Tenderness Assessment of Beef Steaks from US Foodservice and Retail Establishments Using Warner-Bratzler Shear and Consumer Sensory Panel Ratings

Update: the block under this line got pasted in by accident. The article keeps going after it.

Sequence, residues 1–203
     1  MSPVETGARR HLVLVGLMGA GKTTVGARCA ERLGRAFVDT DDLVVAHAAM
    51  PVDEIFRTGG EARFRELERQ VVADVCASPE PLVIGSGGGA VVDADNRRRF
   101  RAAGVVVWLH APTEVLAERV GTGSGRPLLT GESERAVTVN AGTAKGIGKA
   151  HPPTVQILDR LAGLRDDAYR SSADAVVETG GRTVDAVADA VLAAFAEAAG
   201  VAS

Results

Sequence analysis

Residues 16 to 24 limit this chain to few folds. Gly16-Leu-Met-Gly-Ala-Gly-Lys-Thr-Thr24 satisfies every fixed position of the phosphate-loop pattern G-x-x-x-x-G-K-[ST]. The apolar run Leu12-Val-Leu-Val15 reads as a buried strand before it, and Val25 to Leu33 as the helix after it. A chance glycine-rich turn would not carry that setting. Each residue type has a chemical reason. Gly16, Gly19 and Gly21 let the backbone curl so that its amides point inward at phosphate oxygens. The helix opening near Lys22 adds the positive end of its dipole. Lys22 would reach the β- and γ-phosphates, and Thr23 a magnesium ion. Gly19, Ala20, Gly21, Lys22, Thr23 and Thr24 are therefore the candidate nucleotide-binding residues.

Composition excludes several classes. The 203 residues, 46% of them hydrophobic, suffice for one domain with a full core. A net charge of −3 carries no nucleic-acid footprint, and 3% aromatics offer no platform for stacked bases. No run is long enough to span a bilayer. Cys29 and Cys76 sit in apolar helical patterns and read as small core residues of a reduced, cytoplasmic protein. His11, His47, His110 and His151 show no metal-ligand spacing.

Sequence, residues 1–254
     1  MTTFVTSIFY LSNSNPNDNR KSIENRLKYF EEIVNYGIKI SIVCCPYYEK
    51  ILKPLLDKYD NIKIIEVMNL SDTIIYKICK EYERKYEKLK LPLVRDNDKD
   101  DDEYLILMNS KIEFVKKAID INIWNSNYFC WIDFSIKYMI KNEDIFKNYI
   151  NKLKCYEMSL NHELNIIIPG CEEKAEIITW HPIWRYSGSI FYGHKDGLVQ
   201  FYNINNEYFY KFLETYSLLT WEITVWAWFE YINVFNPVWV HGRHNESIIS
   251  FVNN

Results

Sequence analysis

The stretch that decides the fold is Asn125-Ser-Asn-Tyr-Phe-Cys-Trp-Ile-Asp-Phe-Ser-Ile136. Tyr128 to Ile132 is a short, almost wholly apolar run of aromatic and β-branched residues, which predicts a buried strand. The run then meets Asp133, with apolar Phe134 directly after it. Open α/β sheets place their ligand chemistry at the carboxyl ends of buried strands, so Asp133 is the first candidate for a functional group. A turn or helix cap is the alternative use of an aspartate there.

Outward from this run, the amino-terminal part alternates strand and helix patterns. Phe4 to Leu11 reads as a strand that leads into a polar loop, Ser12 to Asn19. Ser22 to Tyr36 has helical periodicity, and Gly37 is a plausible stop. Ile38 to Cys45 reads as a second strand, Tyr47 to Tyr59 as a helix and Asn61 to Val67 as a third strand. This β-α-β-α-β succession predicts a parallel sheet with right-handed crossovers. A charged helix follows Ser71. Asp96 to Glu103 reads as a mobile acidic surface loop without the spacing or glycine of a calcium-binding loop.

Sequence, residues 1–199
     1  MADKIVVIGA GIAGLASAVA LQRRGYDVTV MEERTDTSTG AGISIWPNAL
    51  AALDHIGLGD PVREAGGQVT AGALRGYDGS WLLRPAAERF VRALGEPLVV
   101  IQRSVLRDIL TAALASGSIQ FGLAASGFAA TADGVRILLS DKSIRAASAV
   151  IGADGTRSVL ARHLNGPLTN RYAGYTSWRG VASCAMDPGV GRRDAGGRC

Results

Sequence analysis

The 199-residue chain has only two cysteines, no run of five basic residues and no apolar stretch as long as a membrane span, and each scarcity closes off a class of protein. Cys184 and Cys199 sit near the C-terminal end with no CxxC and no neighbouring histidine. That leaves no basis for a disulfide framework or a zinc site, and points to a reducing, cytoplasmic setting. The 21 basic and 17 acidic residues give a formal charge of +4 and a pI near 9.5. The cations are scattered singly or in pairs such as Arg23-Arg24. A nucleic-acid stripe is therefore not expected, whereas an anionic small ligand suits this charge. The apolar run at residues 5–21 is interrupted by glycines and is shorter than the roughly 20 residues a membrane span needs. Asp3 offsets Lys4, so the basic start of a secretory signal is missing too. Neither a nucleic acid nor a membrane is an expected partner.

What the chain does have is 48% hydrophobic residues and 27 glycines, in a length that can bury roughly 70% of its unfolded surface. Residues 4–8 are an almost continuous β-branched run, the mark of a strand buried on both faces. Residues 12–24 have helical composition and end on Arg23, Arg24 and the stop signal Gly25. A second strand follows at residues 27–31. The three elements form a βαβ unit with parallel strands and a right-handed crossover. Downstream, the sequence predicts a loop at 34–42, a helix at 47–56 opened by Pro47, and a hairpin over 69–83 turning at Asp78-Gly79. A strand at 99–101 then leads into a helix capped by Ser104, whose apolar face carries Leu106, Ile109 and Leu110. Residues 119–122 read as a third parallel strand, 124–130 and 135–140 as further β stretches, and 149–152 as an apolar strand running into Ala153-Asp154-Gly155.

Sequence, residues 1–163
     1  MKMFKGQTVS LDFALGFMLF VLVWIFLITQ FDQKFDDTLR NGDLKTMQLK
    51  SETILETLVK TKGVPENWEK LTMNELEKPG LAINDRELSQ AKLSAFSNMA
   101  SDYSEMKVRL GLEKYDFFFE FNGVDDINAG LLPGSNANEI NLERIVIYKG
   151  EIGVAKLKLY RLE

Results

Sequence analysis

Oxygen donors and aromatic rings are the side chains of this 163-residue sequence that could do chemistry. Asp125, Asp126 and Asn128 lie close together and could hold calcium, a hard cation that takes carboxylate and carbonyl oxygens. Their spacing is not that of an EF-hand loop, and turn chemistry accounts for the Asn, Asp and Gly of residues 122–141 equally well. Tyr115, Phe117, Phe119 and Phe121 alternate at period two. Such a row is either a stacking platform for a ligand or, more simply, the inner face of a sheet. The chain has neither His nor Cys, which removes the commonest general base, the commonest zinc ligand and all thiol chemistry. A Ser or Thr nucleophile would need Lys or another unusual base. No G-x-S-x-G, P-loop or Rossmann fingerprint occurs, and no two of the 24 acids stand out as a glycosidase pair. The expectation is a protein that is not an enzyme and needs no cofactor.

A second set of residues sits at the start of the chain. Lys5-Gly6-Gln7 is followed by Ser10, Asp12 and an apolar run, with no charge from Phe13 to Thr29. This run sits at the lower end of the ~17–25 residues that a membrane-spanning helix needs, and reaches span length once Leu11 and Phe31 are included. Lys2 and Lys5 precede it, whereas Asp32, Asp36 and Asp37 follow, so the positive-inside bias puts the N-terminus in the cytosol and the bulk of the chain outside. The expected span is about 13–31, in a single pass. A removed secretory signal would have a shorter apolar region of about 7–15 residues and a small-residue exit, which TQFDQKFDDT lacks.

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Beef retail steaks from establishments in twelve US cities and beef foodservice steaks from establishments in five US cities were evaluated using Warner-Bratzler shear and consumer sensory panels. Postmortem aging times for retail establishments ranged from 1 to 358 d with a mean of 20.5 d, and those from foodservice establishments aging times ranged from 9 to 67 d with an average of 15.9 d. For retail, top blade had the lowest (P < 0.05) WBS values, while cuts from the round top round and bottom round had the highest (P < 0.05) WBS values. Top loin and ribeye steaks had the lowest (P < 0.05) WBS values compared to top sirloin foodservice steaks. Retail top blade steaks received the highest (P < 0.05) ratings by consumers for overall like, tenderness level, like tenderness, juiciness level, and like juiciness; and foodservice top loin steaks received the highest (P < 0.05) for tenderness level, like tenderness, flavor level, juiciness level, and like juiciness. USDA quality grade did have an effect on foodservice ribeye and top sirloin steaks for sensory panels. Prime foodservice ribeye steaks were rated highest (P < 0.05) for overall like, like tenderness, tenderness level, like juiciness, and juiciness level, whereas ungraded ribeye steaks were rated lowest (P < 0.05) for like tenderness and tenderness level. Ungraded foodservice top sirloin steaks were rated highest (P < 0.05) for overall like, like tenderness, like flavor, and like juiciness. Additional improvements to reduce the range of tenderness levels are necessary to increase consumer acceptability.